A new study using the European Southern Observatory’s (ESO) Very Large Telescope (VLT) has shown that most bright high-mass stars, which drive the evolution of galaxies, do not live alone. Almost three quarters of these stars are found to have a close companion star, far more than previously thought. Surprisingly, most of these pairs are also experiencing disruptive interactions, such as mass transfer from one star to the other, and about one third are even expected to ultimately merge to form a single star.
These are the findings of research conducted by Dr Hugues Sana and Prof Alex de Koter from the University of Amsterdam, together with Dr Selma de Mink from Space Telescope Science Insititute in Baltimore (US). The results were published in the scientific journal Science on 27 July 2012.
The universe is a diverse place, and many stars are quite unlike the Sun. An international team has used the VLT to study what are known as O-type stars, which have high temperature, mass, and brightness. These stars have short and violent lives and play a key role in the evolution of galaxies. They are also linked to extreme phenomena such as 'vampire stars' — where a smaller companion star sucks matter off the surface of its larger neighbor — and gamma-ray bursts.
'These stars are absolute behemoth's,' said Hugues Sana from the University of Amsterdam in the Netherlands. 'They have 15 or more times the mass of our Sun and can be up to a million times brighter. These stars are so hot that they shine with a brilliant blue-white light and have surface temperatures over 30000° Celsius.'
The astronomers studied a sample of 71 O-type single stars and stars in pairs (binaries) in six nearby young star clusters in the Milky Way. Most of the observations in their study were obtained using ESO telescopes, including the VLT.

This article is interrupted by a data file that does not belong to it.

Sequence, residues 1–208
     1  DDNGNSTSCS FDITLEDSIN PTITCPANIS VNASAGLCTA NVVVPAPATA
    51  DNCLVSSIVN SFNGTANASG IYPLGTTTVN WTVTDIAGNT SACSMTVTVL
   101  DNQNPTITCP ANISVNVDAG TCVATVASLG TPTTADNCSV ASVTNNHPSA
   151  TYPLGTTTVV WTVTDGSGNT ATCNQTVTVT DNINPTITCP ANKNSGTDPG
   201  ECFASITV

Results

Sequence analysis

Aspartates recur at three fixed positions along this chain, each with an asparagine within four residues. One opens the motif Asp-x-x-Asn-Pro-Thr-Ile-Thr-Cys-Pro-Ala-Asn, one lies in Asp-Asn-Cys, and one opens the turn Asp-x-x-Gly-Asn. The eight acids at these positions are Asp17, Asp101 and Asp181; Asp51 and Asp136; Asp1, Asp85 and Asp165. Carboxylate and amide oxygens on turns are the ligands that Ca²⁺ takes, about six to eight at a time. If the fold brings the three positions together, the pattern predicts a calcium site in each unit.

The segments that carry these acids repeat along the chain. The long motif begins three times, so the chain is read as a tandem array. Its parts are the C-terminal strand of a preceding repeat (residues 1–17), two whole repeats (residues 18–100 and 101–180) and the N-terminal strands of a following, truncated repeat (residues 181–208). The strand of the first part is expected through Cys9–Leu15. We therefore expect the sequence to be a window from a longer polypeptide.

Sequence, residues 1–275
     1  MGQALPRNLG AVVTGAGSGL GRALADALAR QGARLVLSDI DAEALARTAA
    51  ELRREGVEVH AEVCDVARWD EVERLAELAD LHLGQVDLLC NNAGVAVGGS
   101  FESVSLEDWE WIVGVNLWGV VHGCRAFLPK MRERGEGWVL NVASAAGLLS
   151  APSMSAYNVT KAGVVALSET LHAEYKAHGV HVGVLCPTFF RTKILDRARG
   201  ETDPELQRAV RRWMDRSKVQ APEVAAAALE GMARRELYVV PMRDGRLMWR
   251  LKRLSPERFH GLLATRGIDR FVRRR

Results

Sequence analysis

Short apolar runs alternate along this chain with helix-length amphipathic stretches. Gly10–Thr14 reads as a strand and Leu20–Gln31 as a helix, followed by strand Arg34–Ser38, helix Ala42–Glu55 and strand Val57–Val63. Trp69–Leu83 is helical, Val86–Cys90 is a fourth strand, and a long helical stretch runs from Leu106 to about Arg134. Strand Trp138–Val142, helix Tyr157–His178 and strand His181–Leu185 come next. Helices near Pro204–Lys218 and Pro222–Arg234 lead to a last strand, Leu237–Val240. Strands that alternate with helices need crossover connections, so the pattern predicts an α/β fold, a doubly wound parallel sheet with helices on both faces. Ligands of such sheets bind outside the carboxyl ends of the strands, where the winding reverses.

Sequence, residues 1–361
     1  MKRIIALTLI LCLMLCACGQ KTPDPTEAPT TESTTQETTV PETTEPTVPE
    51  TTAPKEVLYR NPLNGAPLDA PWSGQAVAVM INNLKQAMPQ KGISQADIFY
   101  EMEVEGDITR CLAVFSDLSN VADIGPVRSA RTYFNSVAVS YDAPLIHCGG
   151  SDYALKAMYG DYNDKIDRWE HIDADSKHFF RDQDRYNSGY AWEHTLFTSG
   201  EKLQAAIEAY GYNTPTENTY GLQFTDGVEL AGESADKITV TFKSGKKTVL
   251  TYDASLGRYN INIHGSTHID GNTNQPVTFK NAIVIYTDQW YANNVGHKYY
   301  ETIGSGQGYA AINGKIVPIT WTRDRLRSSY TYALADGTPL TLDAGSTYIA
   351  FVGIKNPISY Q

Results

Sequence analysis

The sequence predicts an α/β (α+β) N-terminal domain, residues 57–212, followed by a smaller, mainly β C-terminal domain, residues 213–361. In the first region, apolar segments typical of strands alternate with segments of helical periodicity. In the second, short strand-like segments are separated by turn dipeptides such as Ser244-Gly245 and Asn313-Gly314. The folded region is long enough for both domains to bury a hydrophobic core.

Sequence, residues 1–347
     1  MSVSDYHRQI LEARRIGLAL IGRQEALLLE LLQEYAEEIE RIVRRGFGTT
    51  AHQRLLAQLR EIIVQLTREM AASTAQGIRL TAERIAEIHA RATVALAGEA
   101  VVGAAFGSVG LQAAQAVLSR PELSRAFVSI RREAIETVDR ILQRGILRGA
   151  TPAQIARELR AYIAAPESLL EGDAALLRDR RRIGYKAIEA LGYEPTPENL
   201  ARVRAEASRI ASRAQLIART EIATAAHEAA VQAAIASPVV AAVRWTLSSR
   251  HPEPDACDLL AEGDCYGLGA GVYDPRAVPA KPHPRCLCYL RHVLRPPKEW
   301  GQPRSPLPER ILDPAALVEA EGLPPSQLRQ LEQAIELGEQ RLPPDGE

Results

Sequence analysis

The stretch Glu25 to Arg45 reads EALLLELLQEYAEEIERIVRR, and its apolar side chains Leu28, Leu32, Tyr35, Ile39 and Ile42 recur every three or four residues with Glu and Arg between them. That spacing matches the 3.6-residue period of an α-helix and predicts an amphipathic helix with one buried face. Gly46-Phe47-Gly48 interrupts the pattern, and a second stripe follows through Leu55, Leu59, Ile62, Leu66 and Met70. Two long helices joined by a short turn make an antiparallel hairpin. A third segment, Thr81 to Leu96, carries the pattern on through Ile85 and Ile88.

By analysing the light coming from these targets in greater detail than before, the team discovered that 75 percent of all O-type stars exist inside binary systems, a higher proportion than previously thought, and the first precise determination of this number. More importantly, though, they found that the proportion of these pairs that are close enough to interact — through stellar mergers or transfer of mass by so-called vampire stars — is far higher than anyone had thought, which has profound implications for our understanding of galaxy evolution.
O-type stars make up just a fraction of a percent of the stars in the universe, but the violent phenomena associated with them mean they have a disproportionate effect on their surroundings. The winds and shocks coming from these stars can both trigger and stop star formation, their radiation powers the glow of bright nebulae, their supernovae enrich galaxies with the heavy elements crucial for life, and they are associated with gamma-ray bursts, which are among the most energetic phenomena in the universe. O-type stars are therefore implicated in many of the mechanisms that drive the evolution of galaxies.
'The life of a star is greatly affected if it exists alongside another star,' said Selma de Mink from the Space Telescope Science Institute in Baltimore, Maryland. 'If two stars orbit very close to each other, they may eventually merge. But even if they don’t, one star will often pull matter off the surface of its neighbour.'
Mergers between stars, which the team estimates will be the ultimate fate of around 20 to 30 percent of O-type stars, are violent events. But even the comparatively gentle scenario of vampire stars, which accounts for a further 40 to 50 percent of cases, has profound effects on how these stars evolve.
Until now, astronomers mostly considered that closely orbiting massive binary stars were the exception, something that was only needed to explain exotic phenomena such as X-ray binaries, double pulsars, and black hole binaries. The new study shows that to properly interpret the universe, this simplification cannot be made. These heavyweight double stars are not just common, their lives are fundamentally different from those of single stars.